Silent strategies: Embrace quiet hiring and combat quiet quitting
Covid-19 increased quiet quitting. Employees reassessed their priorities. The forced pause allowed staff to take stock of their careers. The pandemic afforded people the time to reevaluate the 9 to 5 grind.
Quiet quitting sees employees disengage from their jobs emotionally and mentally but continue to physically show up. While performing fundamental duties, they disconnect, losing interest in their work. Slowly, this creates an environment of indifference.
Paradoxically, the hustle culture of the 1990s and early 2000s put work at the centre of everything. Long working hours were praised, while time off was frowned upon. If you were not working, you were not worthwhile. There was always more to do, according to the hustle culture narrative, including more money to earn, a greater promotion to land or a higher ceiling to break.
High productivity and the monetisation of every minute were held up as the standards for career success. Hashtags like #sleepisfortheweak and #sleepwhenyoudie abounded. Many have fallen prey to the hustle culture, buying into the idea that it’s vital to push yourself to the max, for each of the 1,440 minutes a day.
That is up until now.
Oh so quiet…..
The tendency for workers to become disillusioned is not a new phenomenon. However, it is clearly on the rise. Gallup’s State of the Global Workplace: 2023 Report, found that workers who have disengaged from work and lack supportive bonds make up nearly 60% of the workforce, costing the global economy up to 9% of GDP. That is approximately $8.8trn (£6.9trn).
Staff may dislike confrontation with their managers, so they limit themselves to the bare minimum. Dr Alexandra Dobra-Kiel, Innovation & Strategy Director at Behave, thinks one of the primary reasons for quiet quitting is job dissatisfaction.
“Employees may feel unappreciated, undervalued, or overlooked, leading to a lack of motivation and commitment to their work. As well as this, a lack of opportunities for career advancement and professional development can lead to a sense of stagnation and frustration, prompting employees to mentally check out from their jobs,” she says.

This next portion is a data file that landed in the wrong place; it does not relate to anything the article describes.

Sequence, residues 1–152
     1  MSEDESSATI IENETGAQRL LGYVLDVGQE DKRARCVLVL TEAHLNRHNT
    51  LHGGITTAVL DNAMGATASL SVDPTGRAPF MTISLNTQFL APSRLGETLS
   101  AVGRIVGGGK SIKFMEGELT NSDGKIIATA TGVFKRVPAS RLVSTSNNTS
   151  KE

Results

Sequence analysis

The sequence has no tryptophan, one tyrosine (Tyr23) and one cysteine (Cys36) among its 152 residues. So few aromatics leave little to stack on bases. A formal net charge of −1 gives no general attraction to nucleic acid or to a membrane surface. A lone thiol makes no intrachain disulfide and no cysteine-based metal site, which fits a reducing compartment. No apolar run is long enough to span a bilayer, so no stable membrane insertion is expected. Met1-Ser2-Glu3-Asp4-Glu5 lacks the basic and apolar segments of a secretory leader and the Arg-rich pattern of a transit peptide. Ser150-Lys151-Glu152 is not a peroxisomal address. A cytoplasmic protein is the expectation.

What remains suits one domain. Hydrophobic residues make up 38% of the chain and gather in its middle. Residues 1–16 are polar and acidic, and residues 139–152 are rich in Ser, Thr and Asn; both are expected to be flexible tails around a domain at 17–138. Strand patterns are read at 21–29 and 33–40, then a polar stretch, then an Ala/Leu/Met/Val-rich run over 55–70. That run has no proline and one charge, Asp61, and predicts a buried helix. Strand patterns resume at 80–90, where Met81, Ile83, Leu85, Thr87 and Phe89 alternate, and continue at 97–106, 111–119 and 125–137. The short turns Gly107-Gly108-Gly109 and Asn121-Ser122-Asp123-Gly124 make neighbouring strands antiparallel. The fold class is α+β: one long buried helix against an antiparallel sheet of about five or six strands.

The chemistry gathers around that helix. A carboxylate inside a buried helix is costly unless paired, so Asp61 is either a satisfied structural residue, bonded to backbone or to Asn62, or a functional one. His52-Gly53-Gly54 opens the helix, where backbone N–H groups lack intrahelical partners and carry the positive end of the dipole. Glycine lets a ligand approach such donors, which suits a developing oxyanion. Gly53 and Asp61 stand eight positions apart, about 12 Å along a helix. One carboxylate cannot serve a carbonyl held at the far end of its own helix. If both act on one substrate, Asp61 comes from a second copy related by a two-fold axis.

Dobra-Kiel believes that high levels of work-related stress and burnout can also negatively impact an employee’s motivation and overall well-being, pushing them towards quiet quitting as a way to cope.
“This in turn refers to a lack of psychological safety in the workplace, meaning employees do not have a safe place to express their feelings towards their work, causing them to disengage to protect themselves from potential backlash or criticism,” she adds.
Stave off quiet quitting
Employers can foster a work environment where employees have a stake in the company’s success. Overcome quiet quitting by creating a culture underpinned by psychological safety. According to Dobra- Kiel, psychological safety is often equated with comfort, but true psychological safety is as much about comfort as it is about discomfort.
“While comfort is necessary, true psychological safety emerges when employees are willing to embrace discomfort. When employees operate solely within their comfort zones, they miss out on opportunities for growth and improvement and, over time, can become quiet quitters.
“Discomfort serves as a catalyst for engagement and motivation, allowing employees to develop new skills, embrace fresh perspectives, and overcome obstacles that may have otherwise hindered their progress,” she says.
Dobra-Kiel outlines how to create an environment underpinned by psychological safety where employees’ ideas and concerns are valued and heard.